is the CAP?
Common Agricultural Policy The Common Agricultural Policy (CAP)
was introduced after the Second World War. Europe wanted to be
self sufficient in its provision of food. The CAP guaranteed farmers
a price for their produce. This protected farmers from cheaper
imports from outside of Europe.
The CAP led
to a huge surplus of food in Europe. Food mountains and lakes
were created. In order to reduce these the EU introduced milk
quotas and set-aside.
As part of
the Milk Quotas farmers are told how much milk they can produce.
If farmers produce more than their quota they are fined.
As part of
the set-aside scheme farmers have to leave 10-15% of their land
uncultivated they are awarded a grant from the EU.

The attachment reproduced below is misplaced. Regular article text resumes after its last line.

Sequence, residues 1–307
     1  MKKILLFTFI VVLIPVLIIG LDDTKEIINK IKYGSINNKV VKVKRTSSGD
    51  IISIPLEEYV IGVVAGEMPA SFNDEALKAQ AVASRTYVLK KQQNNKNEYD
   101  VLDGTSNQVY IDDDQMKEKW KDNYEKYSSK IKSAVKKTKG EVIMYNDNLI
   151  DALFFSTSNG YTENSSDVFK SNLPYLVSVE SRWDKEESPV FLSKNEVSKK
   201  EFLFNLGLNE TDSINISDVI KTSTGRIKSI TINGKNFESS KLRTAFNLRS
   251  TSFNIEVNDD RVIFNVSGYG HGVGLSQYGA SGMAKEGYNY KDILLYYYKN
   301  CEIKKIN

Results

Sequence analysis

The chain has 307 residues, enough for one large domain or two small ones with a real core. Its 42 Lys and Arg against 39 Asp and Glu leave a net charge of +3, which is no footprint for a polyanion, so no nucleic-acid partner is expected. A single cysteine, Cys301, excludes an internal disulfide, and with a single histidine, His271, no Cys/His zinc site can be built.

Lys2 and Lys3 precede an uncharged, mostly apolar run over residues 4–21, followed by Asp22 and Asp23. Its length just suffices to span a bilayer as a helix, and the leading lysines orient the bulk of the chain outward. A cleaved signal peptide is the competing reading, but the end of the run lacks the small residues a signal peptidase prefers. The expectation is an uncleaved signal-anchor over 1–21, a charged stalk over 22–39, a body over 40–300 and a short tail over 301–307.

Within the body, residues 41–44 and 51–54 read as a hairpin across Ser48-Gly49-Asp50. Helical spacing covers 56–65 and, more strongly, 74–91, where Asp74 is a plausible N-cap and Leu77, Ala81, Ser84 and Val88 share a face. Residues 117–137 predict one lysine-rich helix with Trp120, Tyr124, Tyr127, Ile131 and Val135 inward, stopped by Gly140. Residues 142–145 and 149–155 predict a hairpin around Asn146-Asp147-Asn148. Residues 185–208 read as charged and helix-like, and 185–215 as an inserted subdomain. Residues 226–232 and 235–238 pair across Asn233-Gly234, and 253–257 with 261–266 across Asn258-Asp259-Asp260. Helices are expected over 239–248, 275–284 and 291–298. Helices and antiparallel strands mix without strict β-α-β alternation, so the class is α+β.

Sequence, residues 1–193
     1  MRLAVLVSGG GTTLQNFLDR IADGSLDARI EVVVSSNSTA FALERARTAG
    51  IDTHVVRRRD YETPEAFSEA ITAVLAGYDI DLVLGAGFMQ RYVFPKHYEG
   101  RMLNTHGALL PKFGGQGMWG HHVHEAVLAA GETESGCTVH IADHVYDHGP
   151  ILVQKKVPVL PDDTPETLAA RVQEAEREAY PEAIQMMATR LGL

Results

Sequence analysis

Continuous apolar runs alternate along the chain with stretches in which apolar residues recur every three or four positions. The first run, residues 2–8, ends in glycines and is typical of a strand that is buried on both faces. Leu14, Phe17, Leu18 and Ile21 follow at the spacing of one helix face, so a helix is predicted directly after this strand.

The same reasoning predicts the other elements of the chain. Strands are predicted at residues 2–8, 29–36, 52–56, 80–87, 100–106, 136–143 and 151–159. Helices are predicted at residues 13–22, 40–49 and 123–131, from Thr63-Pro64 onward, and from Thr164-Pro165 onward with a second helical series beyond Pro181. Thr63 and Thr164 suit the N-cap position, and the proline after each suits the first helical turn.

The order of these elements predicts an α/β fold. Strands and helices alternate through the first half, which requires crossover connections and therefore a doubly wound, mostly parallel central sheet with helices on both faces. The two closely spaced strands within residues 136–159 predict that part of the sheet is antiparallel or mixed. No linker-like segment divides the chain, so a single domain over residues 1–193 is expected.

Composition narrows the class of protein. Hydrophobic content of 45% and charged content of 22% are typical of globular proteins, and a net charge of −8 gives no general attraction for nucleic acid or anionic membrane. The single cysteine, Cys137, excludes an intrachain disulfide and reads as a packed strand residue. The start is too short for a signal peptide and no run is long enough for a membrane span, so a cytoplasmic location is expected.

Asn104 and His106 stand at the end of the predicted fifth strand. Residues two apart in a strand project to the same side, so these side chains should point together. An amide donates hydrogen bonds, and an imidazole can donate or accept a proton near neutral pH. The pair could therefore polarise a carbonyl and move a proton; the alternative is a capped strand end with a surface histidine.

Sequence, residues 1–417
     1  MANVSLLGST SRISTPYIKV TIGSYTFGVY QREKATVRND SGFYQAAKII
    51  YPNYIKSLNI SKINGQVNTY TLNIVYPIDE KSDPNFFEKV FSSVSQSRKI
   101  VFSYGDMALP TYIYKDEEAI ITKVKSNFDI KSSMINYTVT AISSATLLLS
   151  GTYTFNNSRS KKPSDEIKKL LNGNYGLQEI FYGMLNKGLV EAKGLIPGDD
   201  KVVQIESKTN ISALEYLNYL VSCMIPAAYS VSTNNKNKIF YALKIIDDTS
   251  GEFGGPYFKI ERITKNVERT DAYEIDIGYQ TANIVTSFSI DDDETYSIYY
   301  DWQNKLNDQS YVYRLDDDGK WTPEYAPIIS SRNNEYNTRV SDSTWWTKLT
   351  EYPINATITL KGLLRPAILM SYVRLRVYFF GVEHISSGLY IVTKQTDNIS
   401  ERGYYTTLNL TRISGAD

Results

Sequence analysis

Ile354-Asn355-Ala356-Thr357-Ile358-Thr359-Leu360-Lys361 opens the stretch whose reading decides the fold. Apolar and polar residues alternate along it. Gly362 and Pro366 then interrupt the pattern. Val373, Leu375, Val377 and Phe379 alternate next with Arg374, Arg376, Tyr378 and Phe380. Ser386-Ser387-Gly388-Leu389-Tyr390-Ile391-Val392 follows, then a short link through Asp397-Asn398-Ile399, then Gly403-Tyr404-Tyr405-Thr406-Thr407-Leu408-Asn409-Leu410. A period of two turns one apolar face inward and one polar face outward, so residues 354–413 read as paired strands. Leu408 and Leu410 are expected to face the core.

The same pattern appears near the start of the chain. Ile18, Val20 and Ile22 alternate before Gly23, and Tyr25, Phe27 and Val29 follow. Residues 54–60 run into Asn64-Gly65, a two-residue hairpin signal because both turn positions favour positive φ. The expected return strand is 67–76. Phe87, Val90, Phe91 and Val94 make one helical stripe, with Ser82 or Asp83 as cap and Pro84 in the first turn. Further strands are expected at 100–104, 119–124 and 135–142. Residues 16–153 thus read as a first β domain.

has been the the impact of the CAP on the environment?
The CAP has
had a significant impact on the environment ·
have been removed to increase field sizes to accommodate larger
machinery and increase yields. This has led to increased soil
erosion and a reduction in wildlife habitats.
- The increased
use of fertilisers and pesticides has caused groundwater supplies
to become contaminated. The increase in levels of nitrates in
streams and rivers has caused the growth of algae and bacteria.
This has reduced oxygen levels in rivers killing fish and insects.